Guest Post by Molly Malone.
Think about what led you on the path toward becoming the artist, illustrator, or designer you are today. Did your parents tell you that you were always drawing as a toddler? Did you get in trouble more than few times for drawing on the walls with your Crayolas? Perhaps you were a huge fan of Bob Ross, and wanted to paint “happy little trees” just like him.
Or perhaps you were never stereotypically “artsy,” and just decided it was a career path you’d enjoy embarking on. Now ask yourself what’s more important to you and your success – the talent you may have been born with, or the skills you have picked up along the way? The training vs. talent debate is an age-old one in the creative fields, but revisiting it can be eye-opening, especially if you’re feeling uninspired. Pondering your process can actually help jumpstart your creativity.
In an article by online colleges resource eCollegeFinder, two graphic designers offer their views on what makes designers and artists successful. Basically, they both name innate talent as the driving factor (read the full PDF text here). One goes on to say that though training is certainly important, not everyone has a natural ability to thrive in the art and design worlds.
In her words, “We are constantly bombarded by digital images and messages – if designing were based wholly upon training, wouldn’t we all be experts through exposure alone? There is a certain natural ability that has to be present in a person [to succeed].”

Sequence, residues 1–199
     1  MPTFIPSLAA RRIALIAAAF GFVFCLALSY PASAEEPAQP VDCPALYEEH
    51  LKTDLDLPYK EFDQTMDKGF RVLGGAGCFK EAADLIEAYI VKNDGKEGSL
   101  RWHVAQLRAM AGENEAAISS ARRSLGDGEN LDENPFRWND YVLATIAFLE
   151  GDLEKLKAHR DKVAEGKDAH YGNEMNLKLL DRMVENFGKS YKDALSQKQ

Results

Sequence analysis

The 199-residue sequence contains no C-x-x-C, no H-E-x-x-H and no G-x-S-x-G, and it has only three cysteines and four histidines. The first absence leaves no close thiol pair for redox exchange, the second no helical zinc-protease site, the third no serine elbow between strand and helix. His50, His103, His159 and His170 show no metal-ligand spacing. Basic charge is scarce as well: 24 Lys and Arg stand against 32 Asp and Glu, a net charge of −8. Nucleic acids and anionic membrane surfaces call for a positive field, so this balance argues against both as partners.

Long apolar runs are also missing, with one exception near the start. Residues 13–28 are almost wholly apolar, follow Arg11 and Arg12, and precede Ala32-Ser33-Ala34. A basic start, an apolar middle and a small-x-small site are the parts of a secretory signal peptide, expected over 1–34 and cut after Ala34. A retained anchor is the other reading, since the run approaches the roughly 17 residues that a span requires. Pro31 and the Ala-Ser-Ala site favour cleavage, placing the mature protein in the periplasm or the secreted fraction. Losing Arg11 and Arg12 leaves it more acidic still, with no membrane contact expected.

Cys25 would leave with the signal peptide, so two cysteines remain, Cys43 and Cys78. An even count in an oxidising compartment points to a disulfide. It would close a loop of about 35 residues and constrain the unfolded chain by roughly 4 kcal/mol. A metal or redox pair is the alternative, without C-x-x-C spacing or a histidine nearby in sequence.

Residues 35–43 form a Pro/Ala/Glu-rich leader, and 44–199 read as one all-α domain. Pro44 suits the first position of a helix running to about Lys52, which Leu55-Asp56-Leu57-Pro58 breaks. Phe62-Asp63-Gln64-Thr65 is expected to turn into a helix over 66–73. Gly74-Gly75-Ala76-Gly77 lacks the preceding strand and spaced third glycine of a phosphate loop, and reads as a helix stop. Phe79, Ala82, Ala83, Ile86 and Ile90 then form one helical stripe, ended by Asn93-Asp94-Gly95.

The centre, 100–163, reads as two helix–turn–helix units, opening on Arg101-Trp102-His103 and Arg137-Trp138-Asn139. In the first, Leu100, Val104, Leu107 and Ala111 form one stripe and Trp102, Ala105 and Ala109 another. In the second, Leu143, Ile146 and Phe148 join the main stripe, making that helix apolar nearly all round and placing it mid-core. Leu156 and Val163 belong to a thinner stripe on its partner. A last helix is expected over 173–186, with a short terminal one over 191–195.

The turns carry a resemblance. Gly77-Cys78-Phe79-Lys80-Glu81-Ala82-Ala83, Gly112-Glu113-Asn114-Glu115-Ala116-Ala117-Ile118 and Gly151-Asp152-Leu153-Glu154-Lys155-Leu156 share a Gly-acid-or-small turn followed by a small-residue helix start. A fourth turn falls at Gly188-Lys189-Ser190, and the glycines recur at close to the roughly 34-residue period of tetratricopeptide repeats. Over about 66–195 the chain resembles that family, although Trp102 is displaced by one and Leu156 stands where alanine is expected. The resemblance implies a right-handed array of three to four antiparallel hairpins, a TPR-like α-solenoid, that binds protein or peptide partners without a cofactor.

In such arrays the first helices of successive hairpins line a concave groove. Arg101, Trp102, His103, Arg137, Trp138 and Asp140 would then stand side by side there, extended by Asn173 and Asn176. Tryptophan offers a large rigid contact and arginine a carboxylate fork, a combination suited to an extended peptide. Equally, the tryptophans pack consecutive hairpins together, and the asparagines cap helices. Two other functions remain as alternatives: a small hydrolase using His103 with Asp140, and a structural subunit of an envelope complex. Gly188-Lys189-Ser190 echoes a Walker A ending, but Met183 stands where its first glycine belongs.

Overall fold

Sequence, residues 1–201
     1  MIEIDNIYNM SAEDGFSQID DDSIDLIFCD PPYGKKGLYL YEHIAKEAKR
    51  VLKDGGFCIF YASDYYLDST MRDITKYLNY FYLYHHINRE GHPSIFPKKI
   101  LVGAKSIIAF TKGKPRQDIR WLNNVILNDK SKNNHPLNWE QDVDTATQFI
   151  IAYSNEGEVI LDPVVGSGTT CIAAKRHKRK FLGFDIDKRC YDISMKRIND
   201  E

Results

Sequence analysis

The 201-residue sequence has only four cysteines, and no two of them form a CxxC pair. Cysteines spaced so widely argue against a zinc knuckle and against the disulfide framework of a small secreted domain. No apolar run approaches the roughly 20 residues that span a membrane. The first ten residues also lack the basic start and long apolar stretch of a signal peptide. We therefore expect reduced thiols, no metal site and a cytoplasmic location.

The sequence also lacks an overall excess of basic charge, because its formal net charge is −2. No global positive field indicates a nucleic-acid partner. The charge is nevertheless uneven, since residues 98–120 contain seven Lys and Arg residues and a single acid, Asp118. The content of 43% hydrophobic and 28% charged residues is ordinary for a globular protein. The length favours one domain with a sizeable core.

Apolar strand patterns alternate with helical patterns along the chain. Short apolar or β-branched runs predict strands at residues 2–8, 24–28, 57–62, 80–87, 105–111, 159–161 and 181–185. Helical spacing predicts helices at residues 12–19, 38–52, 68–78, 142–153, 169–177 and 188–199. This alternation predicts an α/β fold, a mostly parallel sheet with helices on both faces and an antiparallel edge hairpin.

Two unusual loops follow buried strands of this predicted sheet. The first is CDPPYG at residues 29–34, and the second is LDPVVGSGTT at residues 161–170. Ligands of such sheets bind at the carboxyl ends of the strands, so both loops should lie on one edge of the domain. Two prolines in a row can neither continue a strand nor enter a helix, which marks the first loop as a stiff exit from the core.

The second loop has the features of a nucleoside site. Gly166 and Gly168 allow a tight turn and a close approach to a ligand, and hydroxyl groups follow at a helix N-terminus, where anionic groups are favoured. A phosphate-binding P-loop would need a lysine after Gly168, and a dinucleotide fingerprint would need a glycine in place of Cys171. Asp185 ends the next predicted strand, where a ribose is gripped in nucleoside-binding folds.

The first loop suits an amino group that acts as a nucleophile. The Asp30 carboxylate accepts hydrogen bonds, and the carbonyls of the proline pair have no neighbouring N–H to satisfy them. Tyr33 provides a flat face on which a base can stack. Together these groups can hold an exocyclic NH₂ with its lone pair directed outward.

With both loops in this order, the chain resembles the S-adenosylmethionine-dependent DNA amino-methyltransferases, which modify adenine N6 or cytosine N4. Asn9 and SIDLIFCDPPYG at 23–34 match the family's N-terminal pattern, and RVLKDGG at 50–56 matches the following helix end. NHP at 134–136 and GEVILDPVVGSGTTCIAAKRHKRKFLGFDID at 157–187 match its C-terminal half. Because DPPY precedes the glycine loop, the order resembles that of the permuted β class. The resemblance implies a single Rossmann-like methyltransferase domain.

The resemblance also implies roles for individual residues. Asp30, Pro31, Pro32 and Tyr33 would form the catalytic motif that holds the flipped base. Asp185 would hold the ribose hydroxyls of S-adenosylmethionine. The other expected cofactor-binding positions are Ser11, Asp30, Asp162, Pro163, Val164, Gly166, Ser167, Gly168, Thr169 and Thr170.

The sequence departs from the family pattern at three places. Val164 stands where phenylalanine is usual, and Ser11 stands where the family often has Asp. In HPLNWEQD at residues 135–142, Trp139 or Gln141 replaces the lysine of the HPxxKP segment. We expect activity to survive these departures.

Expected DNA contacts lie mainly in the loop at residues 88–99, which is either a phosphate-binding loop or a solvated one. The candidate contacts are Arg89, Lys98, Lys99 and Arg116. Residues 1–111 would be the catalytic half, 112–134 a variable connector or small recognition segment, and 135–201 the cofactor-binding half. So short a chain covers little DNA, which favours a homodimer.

But plenty of people disagree. In this article from Inspiredology, the author claims that talent has a falloff, and skill does not. In other words, natural talent gets you so far, but it’s continuously honing your skills that ensures a long, successful career.
So if you’ve hit a wall or are feeling particularly uninspired, you’ve got options. Go take a class, attend a lecture, have coffee with other artists or designers. Any or all can help you break out of a rut and keep growing. After all, if you’re in agreement with the article at least, talent is just the seed. It still needs nourishment if it’s ever going to bloom.
But what do you think? What side are you on?
:: Molly Malone is a Philadelphia-based writer, creative, and overall lover of the internet who has worked in design, copywriting, social media, and more.
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Posted by Thomas James on 09/06/12 under creativity
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